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How to design a Type Friendly Context

Read this blog on my website.

In the world of JavaScript, Koa is a milestone. Although sinatra is born before it, Koa makes it really popular that apps should built by a simple core to load plugins, and bundles of plugins to implement unique features.
Today lots of apps are built with this pattern.
For example, vscode and webpack.

Context in JavaScript

In the world of Koa, ctx is a magic box 🔮. Users can get all sorts of properties on it. For example, you can get ctx.session if you install the koa-session plugin. And you can get ctx.request.body if you install the koa-body plugin.

A typical Koa plugin (also known as middleware) will be like:

app.use(async (ctx, next) => {

    // inject props into ctx = 'bar';

    const startTime =;

    await next();

    // do something after other ctx done.
    const endTime =;
    const duration = endTime - startTime;

    console.log('Ctx duration:', duration);
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Static Type Checking

Everything seems perfect until static type system join the game,
which is bring in by TypeScript and Flow. With the safe type checking and powerful editor lsp features, people use them to build not only large systems, but also small apps and tools.

But when Koa meets static type checking, 💥 everything stop working. Type system cannot infer what property is really on ctx and what's not. For example, if I call, how do I know wether the plugin inject the foo property is loaded in current Koa app or not? What's more, users can't get the hint of the editor because the type system don't know what to suggest.

It's a common problem of languages with static type system:
how to handle object shared between modules elegantly?


The key is using IoC. With this pattern we can inject type information into context.

Let's reconsider the design of context in koa, we can see that the context is an object with properties you can modify, such as What if we transform this API into ctx.get(foo)? Since the creation of foo is what we can control, we can write some information on it.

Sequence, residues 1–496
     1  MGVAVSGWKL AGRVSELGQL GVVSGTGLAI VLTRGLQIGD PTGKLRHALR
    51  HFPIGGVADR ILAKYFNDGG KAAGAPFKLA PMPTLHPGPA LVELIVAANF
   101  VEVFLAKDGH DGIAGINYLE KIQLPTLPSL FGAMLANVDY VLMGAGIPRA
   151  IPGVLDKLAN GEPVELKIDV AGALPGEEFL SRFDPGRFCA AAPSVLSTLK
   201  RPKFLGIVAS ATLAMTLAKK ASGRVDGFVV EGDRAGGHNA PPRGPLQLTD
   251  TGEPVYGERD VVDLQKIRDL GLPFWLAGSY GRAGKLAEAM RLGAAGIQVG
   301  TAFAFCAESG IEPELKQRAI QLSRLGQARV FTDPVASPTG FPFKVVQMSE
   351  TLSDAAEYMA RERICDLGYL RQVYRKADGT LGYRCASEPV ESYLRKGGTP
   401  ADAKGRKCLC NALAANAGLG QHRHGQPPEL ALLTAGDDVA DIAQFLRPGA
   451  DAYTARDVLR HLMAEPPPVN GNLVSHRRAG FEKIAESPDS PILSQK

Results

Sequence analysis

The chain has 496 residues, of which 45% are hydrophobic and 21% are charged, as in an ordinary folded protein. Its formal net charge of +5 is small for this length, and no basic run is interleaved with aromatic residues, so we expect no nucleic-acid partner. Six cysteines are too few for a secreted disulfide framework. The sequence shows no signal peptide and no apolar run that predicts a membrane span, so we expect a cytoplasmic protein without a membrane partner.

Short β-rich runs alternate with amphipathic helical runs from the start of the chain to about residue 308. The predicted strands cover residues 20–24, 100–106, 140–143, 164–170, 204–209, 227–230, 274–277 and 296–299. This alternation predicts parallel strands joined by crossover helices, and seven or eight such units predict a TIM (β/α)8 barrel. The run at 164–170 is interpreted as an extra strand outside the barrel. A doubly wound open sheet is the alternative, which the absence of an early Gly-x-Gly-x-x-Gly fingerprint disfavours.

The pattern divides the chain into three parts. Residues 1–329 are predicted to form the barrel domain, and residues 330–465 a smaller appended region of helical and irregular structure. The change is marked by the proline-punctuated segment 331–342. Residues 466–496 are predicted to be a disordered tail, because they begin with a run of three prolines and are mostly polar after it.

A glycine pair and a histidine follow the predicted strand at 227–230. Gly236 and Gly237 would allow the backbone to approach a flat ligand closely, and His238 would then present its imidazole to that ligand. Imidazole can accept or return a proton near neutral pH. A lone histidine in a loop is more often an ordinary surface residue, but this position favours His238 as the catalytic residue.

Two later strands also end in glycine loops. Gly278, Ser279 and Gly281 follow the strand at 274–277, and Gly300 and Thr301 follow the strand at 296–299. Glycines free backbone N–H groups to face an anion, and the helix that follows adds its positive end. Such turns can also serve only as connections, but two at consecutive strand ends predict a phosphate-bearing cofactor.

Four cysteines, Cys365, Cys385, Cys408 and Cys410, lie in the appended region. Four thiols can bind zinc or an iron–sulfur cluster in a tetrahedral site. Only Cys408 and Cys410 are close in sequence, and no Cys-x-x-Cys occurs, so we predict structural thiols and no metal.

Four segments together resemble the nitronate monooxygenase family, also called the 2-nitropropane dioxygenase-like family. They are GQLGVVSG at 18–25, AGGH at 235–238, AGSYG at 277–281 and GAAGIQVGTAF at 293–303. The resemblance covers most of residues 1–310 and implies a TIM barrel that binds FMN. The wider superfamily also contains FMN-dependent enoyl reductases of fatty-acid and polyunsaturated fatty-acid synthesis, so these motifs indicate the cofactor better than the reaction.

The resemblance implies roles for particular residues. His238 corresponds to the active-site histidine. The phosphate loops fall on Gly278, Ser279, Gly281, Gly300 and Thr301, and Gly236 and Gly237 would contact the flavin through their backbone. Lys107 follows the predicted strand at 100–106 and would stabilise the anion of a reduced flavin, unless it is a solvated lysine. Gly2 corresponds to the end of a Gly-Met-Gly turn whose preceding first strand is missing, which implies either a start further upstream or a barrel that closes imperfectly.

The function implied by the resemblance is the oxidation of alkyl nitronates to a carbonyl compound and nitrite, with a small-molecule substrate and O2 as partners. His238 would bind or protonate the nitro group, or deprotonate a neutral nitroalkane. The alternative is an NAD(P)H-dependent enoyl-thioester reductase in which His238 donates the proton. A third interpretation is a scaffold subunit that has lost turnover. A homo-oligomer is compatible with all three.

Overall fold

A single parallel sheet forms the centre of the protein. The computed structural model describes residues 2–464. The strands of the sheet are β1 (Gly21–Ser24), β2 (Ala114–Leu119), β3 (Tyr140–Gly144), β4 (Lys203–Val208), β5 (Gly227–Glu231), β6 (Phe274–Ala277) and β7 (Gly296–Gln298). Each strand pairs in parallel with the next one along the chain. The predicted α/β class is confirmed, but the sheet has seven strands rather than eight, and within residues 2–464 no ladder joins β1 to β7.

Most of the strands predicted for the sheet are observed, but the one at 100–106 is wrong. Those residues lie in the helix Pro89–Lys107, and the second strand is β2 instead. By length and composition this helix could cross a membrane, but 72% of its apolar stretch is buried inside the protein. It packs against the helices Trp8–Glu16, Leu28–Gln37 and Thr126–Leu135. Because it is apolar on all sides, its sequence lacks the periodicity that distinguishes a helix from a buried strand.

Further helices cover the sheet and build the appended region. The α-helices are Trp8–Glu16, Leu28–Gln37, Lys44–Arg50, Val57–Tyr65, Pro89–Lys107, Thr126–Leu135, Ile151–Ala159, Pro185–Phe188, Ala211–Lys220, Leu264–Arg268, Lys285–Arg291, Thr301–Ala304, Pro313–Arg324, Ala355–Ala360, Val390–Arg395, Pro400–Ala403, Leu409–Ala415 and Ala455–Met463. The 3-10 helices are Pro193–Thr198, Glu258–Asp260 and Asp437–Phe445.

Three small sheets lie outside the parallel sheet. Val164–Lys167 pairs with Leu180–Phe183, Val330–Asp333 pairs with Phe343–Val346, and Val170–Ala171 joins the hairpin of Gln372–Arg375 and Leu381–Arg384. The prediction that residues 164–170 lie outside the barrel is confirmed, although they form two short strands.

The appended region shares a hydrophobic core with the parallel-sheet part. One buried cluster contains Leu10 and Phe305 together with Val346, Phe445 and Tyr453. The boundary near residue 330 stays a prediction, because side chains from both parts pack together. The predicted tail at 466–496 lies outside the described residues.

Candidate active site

So, let's assume the API of context is designed as this:

const ctx = createCtx();

const numberSlice = createSlice(0);

// inject a ctx.

const number = ctx.get(numberSlice); // -> 0

// set value of numberSlice to 1.
ctx.set(numberSlice, number + 1);
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I introduced you a new data structure: slice.
With this design, We just split up the entire ctx into several pieces of slices.

Now we can get define the structure of ctx and slice:

type Ctx = Map<symbol, Slice>;

type Slice<T = unknown> = {
    id: symbol;
    set: (value: T) => void;
    get: () => T;
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Then, let's try to implement the slice:

type Metadata<T> = {
    id: symbol;
    (ctx: Ctx): Slice<T>;

const createSlice = <T>(defaultValue: T): Metadata<T> => {
    const id = Symbol('Slice');

    const metadata = (ctx: Ctx) => {
        let inner = defaultValue;
        const slice: Slice<T> = {
            set: (next) => {
                inner = next;
            get: () => inner
        ctx.set(id, slice as Slice);
        return slice;
    } = id;

    return metadata;
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We create a metadata that brings slice's information on it. And a slice factory that can be used to inject on context.


The implementation of ctx will be much simpler:

const createCtx = () => {
    const map: Ctx = new Map();

    const getSlice = <T>(metadata: Metadata<T>): Slice<T> => {
        const value = map.get(;
        if (!value) {
            throw new Error('Slice not injected');
        return value as Slice<T>;

    return {
        inject: <T>(metadata: Metadata<T>) => metadata(map),
        get: <T>(metadata: Metadata<T>): T => getSlice(metadata).get(),
        set: <T>(metadata: Metadata<T>, value: T): void => {
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We use a simple Map as the container of slices, with the symbol as key so the slices will not be conflict between each other.


Now our context has been done, let's do some test:

const num = createSlice(0);
const ctx1 = createCtx();
const ctx2 = createCtx();


const x = ctx1.get(num); // editor will know x is number
ctx1.set(num, x + 1);

// this line will have an error since num slice only accept number
ctx.set(num, 'string')

ctx1.get(num); // => 1
ctx2.get(num); // => still 0
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Now we have built a type friendly context using IoC, with slices that can be shared between context, but values will be isolated.

View full code on code sandbox.

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